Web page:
Sometimes Sunshine

Sometimes Sunshine

As a child one of the fun things about language were the word games one learnt soon enough to enjoy. None better perhaps than tongue twisters that always translated into nonsense that always succeeded in bringing humour across the generations. From ‘Around the rugged rock, the ragged rascal ran’ to ‘red leather, yellow leather’ one aspect of mastering a language is being able to master its tongue twisters. They are always decidedly odd sentences such as the following. The translations are included to betray their lack of logic!

combien de sous sont ces saucissons-ci? Ces saucissons-ci sont six sous (French) “How much are these sausages here?  These sausages here are six cents.”) 

zwei schwartze schleimige Schlangen sitzen zwischen zwei spitzigen Steinen und zischen  (German) (“Two black slimy snakes sit between two pointed stones and hiss”) 

Other favourites in the European arena include:

Měla babka v kapse brabce, brabec babce v kapse píp. Zmáčkla babka brabce v kapse, brabec babce v kapse chcíp (Czech) Grandma had a sparrow in her pocket and the sparrow made a sound. Grandma pressed the sparrow and it died

Als vliegen achter vliegen vliegen, vliegen vliegen vliegensvlug (Dutch) If flies fly behind flies, flies will fly like lightning 

Król Karol kupił Królowej Karolinie korale koloru koralowego (Polish) King Karl bought Queen Caroline coral-colored bead

Far, Får får får? Nej, inte får får får, får får lamm (Swedish) Father, do sheep have sheep? No, sheep don’t have sheep, sheep have lambs?

As for the English language, we are provided with the following that also are best interpreted with a healthy stretch of imagination: 

How much wood would a woodchuck chuck 
if a woodchuck could chuck wood? 
A woodchuck would chuck all the wood that he could 
if a woodchuck could chuck wood

Sister Sue sells sea shells.
 She sells sea shells on shore.
 The shells she sells are sea shells she sees.
 Sure she sees shells she sells

You’ve known me to light a night light
on a light night like tonight. There’s no need to light a night light
on a light night like tonight,
for a night light’s a slight light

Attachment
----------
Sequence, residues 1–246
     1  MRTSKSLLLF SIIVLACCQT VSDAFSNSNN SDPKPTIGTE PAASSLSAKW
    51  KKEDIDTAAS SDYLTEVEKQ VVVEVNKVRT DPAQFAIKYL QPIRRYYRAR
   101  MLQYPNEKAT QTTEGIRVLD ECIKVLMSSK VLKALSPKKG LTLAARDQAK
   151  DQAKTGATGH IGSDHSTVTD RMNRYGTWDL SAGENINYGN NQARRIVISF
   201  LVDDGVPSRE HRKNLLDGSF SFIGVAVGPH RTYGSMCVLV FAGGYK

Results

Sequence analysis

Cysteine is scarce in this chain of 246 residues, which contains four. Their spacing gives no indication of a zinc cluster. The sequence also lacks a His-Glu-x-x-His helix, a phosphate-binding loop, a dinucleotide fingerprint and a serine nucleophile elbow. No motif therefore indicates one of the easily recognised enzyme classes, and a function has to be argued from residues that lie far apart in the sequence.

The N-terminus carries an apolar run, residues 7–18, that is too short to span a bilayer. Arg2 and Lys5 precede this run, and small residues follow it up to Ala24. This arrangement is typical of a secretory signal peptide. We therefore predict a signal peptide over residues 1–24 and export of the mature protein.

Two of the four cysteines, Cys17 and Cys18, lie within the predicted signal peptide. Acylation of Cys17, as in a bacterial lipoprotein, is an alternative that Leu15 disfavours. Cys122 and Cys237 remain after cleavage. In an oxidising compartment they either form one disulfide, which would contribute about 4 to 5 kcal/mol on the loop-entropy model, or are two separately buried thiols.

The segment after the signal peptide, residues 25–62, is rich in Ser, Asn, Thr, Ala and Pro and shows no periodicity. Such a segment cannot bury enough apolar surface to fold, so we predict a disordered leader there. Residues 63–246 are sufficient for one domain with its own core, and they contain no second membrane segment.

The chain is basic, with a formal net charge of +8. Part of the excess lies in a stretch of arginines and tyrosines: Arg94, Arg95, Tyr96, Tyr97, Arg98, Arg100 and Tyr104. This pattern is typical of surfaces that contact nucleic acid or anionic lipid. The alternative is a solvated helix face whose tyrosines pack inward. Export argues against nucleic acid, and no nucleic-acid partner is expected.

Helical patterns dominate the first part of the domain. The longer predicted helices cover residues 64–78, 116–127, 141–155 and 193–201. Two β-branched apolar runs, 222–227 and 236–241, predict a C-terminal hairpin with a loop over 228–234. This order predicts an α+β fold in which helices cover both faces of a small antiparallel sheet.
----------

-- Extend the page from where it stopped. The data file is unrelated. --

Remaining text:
on tonight’s light night

Some short words or phrases can be interpreted as tongue-twisters when repeated a number of times fast. You have to say them aloud (try it!): 

Thin Thing

French Friend

Red Leather, Yellow Leather

Unique New York

Sometimes Sunshine

Irish Wristwatch

Big Whip

Whatever their length, words have provided excellent material for games from the earliest times. Another of the more pleasing arrangements is the palindrome, which is a word that is spelt the same backwards as forwards. The Germans have even come up with a palindromic word Eibohphobie that translates as a fear of palindromes. All in all, they can create some bizarre meanings:   

neulo taas niin saat oluen (Finnish) knit again, so that you will get a beer

Nie fragt sie: ist gefegt? Sie ist gar fein (German) she never asks: has the sweeping been done? She is very refined

in girum imus nocte et consumimur igni (Latin) we enter the circle after dark and are consumed by fire

nipson anomemata me monan opsin (Ancient Greek) wash off my sins, not only my face (written on the edge of a well or a font in Constantinople, where ps is y)

The Finns have the three longest palindromic words:

saippuakivikauppias a soapstone seller

saippuakuppinippukauppias a soap cup trader 

solutomaattimittaamotulos the result from a measurement laboratory for tomatoes

while here are some of the better and longer European palindromic phrases that aren’t too non-sensical:

a dyma’r addewid diweddar am y da (Welsh) and here is the recent promise about the livestock

Socorram-me, subi no onibus em Marrocos (Portuguese) help me I took a bus in Morocco 

selmas lakserøde garagedøre skal samles (Danish) Selma’s salmon red garage doors must be assembled

Roma tibi subito motibus ibit amor (Latin) in Rome love will come to you suddenly

As for the English language, we are provided with the following:

never odd or even 

was it a cat I saw?

do geese see God?

a man, a plan, a canal, Panama

go hang a salami, I’m a lasagne hog

murder for a jar of red rum

rats live on no evil star

rise to vote, sir

Emma Tidey
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